Why I'm Concerned Neymar Might Be Out Of the FIFA World Cup
You may have heard about the Neymar, even if you are not a soccer (football) fan - he's the Brazilian striker that cost Paris Saint-Germain US$263 million to buy from Barcelona, then gets paid over US$1 million/week. Good work if you can get it!
...He's also quite a useful player - check out the video below to see a few of his best goals. He was only around 17 when he scored the goal at number 1 on the list as well!
So why am I making a blog post about him? On Sunday, Neymar rolled his ankle in a Ligue 1 match in France. All the media attention has been focussed on how he is going to miss PSG's match against Real Madrid this week. Sprained ankles generally take a few weeks to recover, so whilst I thought that he woud probably not play against Real Madrid, I didn't think anything more of it.
Here is a video of the incident, if you are curious:
When A Sprain Becomes An Avulsion Fracture
This morning I woke up to an article on the BBC where PSG stated:
"Follow-up exams performed today confirm a sprain in the right ankle, but also the associated presence of a crack of his fifth metatarsal"
A lot of newspapers are suggesting a 10-week layoff for Neymar, since this is what the approximate time-frame is for other metatarsal injuries according to them.
This isn't like the broken bone David Beckham got in 2002, which caused him to play for England in the World Cup 50% fit. That was caused by blunt trauma to the foot by a bad tackle. This is worse.
What Is An Avulsion Fracture?
Essentially, an avulsion fracture when bone gets broken off as a ligament or tendon is pulled from it. In the case of Neymar, he is likely to have an avulsion fracture of the head of the fifth metatarsal:
The circle in the diagram above shows the insertion of fibularis brevis, a muscle that attaches into the head of the fifth metatarsal, in the foot. When you roll your ankle in, the ligaments get stretched and torn, but so do the muscles. When Neymar rolled his ankle, his fibularis brevis tendon would have been pulled so much that it actually pulled off the head of the fifth metatarsal along with with the tendon.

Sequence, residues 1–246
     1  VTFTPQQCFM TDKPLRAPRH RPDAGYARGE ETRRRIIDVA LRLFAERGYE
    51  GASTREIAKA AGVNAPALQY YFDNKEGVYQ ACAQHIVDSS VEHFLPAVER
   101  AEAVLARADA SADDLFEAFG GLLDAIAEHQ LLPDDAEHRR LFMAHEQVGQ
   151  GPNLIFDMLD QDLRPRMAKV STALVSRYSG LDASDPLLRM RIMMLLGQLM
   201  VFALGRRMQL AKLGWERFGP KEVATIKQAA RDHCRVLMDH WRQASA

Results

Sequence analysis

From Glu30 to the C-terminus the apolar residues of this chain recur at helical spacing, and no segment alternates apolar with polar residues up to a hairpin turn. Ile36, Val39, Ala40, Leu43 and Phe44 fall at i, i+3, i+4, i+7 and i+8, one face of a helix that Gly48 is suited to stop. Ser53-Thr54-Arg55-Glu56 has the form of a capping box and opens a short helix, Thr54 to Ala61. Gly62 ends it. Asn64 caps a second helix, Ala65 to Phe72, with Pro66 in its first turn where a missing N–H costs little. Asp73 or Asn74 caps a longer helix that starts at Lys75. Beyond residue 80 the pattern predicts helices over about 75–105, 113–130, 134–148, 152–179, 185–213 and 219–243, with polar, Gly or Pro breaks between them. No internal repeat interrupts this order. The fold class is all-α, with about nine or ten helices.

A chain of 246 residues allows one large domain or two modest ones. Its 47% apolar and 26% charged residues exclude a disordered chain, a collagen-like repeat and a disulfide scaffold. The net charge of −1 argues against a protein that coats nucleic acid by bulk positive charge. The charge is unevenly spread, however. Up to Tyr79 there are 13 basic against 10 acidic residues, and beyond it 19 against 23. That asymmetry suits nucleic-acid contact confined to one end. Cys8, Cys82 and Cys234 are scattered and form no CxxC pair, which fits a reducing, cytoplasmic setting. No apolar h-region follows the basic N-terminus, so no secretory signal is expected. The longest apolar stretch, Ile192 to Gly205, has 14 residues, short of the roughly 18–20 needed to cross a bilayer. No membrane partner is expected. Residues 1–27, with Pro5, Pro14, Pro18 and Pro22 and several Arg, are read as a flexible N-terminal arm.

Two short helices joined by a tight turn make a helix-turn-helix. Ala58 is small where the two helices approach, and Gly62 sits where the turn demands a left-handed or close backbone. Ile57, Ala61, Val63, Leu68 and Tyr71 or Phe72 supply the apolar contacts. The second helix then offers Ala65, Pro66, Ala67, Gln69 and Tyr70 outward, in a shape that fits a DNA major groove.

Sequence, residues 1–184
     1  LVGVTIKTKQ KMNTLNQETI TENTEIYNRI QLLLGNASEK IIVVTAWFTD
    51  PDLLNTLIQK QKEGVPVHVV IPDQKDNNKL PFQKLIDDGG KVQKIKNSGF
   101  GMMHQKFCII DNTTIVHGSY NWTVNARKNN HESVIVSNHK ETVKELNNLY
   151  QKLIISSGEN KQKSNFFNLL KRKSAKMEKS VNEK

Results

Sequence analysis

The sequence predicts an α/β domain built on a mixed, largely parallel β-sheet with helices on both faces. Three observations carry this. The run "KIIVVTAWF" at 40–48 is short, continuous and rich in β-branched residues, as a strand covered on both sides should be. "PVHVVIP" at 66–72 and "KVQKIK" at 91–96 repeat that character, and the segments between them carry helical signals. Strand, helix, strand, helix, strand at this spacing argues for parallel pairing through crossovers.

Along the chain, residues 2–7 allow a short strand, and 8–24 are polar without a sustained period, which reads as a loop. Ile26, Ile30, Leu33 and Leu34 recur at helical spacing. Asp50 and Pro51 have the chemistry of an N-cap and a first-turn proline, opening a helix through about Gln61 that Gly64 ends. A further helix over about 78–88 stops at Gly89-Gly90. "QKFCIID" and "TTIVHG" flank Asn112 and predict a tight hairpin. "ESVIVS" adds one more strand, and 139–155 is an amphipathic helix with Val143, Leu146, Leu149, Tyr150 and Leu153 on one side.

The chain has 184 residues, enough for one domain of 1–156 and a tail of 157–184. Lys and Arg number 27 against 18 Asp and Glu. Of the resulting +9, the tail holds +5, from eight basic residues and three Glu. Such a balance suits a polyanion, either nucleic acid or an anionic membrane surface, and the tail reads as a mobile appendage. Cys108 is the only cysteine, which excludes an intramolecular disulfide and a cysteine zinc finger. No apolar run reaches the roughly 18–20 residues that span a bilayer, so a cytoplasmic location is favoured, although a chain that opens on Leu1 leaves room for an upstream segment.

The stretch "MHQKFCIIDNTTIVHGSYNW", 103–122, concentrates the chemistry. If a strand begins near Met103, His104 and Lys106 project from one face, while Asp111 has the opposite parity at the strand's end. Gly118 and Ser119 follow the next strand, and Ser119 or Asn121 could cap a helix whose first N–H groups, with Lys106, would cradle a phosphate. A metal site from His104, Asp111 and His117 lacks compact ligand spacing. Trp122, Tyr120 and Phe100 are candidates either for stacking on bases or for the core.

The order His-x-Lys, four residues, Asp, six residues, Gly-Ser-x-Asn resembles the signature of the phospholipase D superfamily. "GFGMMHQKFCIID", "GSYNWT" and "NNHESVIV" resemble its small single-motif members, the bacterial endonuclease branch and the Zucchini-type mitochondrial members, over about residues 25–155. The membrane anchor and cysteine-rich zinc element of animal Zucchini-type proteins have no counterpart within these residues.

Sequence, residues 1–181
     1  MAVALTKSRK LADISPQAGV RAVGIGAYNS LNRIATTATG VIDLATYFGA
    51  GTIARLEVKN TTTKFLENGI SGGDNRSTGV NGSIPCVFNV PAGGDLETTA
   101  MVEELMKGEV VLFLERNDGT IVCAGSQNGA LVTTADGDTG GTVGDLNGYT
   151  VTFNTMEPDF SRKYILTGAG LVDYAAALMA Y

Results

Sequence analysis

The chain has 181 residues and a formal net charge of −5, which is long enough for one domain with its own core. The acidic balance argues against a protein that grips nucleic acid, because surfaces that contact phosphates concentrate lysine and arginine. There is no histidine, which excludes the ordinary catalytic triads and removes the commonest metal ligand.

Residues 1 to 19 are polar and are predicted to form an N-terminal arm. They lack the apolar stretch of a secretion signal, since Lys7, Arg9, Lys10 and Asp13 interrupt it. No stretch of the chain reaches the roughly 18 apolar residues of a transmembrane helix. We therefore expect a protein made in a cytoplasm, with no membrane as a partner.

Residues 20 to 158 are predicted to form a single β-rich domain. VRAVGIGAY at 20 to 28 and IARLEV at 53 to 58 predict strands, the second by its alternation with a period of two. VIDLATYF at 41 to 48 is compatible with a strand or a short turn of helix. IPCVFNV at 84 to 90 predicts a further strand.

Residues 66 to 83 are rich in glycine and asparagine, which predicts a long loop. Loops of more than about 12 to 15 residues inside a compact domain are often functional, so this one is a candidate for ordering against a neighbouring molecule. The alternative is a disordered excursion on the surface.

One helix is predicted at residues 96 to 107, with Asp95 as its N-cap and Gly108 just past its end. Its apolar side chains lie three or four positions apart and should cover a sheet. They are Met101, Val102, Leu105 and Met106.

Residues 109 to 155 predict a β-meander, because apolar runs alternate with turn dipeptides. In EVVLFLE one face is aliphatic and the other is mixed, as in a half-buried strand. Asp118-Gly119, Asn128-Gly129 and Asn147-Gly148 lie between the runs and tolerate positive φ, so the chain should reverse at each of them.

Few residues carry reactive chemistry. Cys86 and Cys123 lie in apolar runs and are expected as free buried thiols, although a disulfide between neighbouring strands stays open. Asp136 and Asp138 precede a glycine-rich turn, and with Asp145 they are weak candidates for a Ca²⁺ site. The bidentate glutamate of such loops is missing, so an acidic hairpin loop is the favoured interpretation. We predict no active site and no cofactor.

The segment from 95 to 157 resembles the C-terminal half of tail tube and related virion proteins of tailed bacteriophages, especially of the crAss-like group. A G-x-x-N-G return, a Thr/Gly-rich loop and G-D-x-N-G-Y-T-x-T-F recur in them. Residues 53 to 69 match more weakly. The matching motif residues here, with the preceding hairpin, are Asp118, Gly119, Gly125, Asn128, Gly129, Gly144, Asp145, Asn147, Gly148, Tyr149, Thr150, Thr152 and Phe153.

Neymar's X-Rays would look something like this:
What Is The Treatment?
Unfortunately, this is not an injury where there is much that can be done from a physio's perspective. In the past when I have seen these injuries, you put the foot in a moon boot for at least 6 weeks. You get another X-Ray. If it has begun to heal, great. If not, you put it in the moon boot for a while longer. Check the X-Ray again. If it is not healing, you might fix it up surgically.
The recovery for this injury can be a long process.
Another high profile victim of this injury is Ben Simmons, the Australian rookie currently taking the league by storm. At the end of 2016 however, he fractured his 5th metatarsal just before the start of the NBA season.
He was out for a full year.
The article below discusses these concerns at the time for Simmons:
Simmons made a full recovery as you may know, and is expected to win Rookie Of The Year in his first season playing in the NBA.
Interestingly, in doing a bit of research for the background behind David Beckham's foot injury, an article in The Guardian interviewed a surgeon:
Professor Angus Wallace, professor of orthopaedic and accident surgery at the University of Nottingham said: "Metatarsal bone fractures are common, they usually heal within six weeks."
"However if it [had been] a fracture of the fifth or outer metatarsal, delayed healing can be a problem,"
Neymar unfortunately, does not have time on his side, with the FIFA World Cup coming up in around 3 months. I will be hoping he is back fit and healthy, although it is quite possible that he will be out for a significant period of time. I hope I'm wrong.